Optimization-related projects in Julia. JuliaOpt on GitHub.

The three circles represent (clockwise): linear, integer, and nonlinear programming.

What is Julia?

Julia is a "high-level, high-performance dynamic programming language for technical computing". It is free (open-source) and cross-platform. The familiar syntax, the ease of connecting with external libraries, the speed, and advanced language features like metaprogramming offer interesting possibilities for optimization software.

What is JuliaOpt?

JuliaOpt is an umbrella group for Julia-based optimization-related projects. For more in-depth information about JuliaOpt and some of its projects, see this presentation from JuliaCon 2014. All our code is available from our GitHub page, as well as through the Julia package manager. We have a mailing list, julia-opt, on Google Groups. The current JuliaOpt projects are:

  • JuMP - An algebraic modeling language for linear, quadratic, and nonlinear constrained optimization problems embedded in Julia. Generates models as quick as commercial modeling tools and supports advanced features like solver callbacks. (Documentation, GitHub)
  • Optim.jl - Implementations of standard optimization algorithms in pure Julia for unconstrained or box constrained problems. (Documentation, GitHub)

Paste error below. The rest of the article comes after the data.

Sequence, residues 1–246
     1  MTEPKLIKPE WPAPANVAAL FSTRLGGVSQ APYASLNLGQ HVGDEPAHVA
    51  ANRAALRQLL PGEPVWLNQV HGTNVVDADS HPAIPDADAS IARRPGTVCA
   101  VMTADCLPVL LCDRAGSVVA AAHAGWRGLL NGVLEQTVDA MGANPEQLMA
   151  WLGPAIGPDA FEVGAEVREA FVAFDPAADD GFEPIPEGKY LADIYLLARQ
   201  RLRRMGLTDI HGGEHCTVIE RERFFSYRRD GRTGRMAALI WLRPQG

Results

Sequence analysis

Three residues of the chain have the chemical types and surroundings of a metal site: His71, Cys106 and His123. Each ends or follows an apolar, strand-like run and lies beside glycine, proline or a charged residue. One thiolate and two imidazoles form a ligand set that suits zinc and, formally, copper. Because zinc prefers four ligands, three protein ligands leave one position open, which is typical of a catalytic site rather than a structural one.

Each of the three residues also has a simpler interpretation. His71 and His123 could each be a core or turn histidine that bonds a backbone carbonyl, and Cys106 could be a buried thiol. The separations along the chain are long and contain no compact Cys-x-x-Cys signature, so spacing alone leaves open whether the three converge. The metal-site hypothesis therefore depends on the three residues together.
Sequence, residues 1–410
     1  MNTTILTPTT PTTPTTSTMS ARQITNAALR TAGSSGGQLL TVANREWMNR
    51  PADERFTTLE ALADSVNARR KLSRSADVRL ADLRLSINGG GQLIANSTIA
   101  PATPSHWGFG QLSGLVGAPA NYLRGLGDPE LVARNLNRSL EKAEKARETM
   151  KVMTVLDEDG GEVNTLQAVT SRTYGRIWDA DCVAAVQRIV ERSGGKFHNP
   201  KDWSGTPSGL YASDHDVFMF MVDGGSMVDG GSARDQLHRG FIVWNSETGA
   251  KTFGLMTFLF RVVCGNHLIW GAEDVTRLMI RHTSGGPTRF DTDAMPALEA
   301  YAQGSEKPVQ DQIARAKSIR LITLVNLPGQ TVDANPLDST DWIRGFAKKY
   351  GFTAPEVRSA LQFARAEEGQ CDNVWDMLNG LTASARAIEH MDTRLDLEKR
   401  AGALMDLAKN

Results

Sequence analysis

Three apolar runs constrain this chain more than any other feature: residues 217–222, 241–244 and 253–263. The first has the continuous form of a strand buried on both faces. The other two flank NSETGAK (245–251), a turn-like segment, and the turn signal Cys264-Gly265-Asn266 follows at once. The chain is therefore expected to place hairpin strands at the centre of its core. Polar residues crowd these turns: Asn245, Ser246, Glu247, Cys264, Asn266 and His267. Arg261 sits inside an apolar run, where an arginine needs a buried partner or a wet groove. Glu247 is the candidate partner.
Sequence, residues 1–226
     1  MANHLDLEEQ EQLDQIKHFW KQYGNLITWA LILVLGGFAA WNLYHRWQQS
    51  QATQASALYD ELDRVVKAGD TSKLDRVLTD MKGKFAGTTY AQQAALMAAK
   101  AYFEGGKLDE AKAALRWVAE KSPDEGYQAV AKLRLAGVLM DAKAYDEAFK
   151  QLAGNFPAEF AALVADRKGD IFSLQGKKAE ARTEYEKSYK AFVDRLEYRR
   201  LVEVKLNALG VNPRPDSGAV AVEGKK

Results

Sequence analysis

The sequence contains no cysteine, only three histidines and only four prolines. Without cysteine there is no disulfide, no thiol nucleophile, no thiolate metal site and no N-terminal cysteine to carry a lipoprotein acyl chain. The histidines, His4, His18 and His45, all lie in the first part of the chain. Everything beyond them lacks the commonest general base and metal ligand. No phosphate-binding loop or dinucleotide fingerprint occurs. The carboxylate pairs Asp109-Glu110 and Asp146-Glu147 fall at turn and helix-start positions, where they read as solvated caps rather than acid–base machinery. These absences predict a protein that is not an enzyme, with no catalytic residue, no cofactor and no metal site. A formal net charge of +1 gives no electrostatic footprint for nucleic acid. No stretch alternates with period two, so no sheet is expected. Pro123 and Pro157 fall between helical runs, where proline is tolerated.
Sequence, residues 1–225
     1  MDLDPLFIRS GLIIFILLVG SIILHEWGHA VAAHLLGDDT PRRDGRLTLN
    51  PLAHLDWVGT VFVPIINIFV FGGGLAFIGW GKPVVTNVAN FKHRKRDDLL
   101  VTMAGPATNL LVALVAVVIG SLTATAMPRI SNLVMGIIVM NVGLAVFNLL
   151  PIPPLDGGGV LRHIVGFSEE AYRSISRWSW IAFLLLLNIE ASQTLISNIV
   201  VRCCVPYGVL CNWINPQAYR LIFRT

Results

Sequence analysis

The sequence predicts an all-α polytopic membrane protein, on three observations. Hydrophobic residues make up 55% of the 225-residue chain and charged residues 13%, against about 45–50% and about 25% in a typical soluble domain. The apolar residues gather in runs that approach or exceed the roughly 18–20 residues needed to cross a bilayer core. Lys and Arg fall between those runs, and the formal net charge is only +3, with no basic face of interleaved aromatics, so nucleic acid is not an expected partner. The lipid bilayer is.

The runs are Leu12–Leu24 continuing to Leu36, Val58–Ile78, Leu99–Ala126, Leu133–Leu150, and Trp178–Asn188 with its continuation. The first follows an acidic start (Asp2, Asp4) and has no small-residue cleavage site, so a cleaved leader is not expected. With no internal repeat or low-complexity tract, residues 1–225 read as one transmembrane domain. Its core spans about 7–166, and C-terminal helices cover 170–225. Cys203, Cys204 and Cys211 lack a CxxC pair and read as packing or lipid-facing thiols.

• MathProgBase - A standardized interface implemented by solvers that allows code to remain solver-agnostic. Used by JuMP. (Documentation, GitHub)

We also have connections to many open-source and commercial solvers:

Julia Solver Interfaces
Key: Notes:
  1. Not exposed through JuMP yet - use interface directly.
COIN Cbc/Clp Cbc.jl/Clp.jl
CPLEX CPLEX.jl IP Callbacks
GNU GLPK GLPK.jl IP Callbacks
Gurobi Gurobi.jl IP Callbacks
Ipopt Ipopt.jl
Mosek Mosek.jl 1 1
NLopt NLopt.jl

Guidelines for JuliaOpt Packages

JuliaOpt aims to be a collection of high-quality optimization-related packages for users of Julia. To be included in JuliaOpt, we request that packages follow the following simple guidelines:

  • Packages should have good documentation.
  • Packages must have a basic suite of tests in a test subdirectory, ideally controlled by a master file test/runtests.jl. Unit testing and the use of the Travis continuous integration service is strongly encouraged.
  • (Recent) Linux, OS X, and Windows platforms must be fully supported.
  • For packages with freely distributable binary dependencies, these should be installed automatically via BinDeps. Binaries should be available for both OS X and Windows users. (See the Julia Homebrew package for easy binary packaging on OS X. For Windows, many upstream libraries provide a pre-compiled DLL file.)

Current JuliaOpt packages can be used as examples of how to implement these guidelines (please file an issue if you believe they don't!). We are happy to provide assistance to package maintainers, especially with testing on various platforms and dealing with binary dependencies.

This website was made with Skeleton. Something wrong? Submit issue. Contact: Iain Dunning (idunning AT mit DOT edu, @iaindunning), Miles Lubin (mlubin AT mit DOT edu)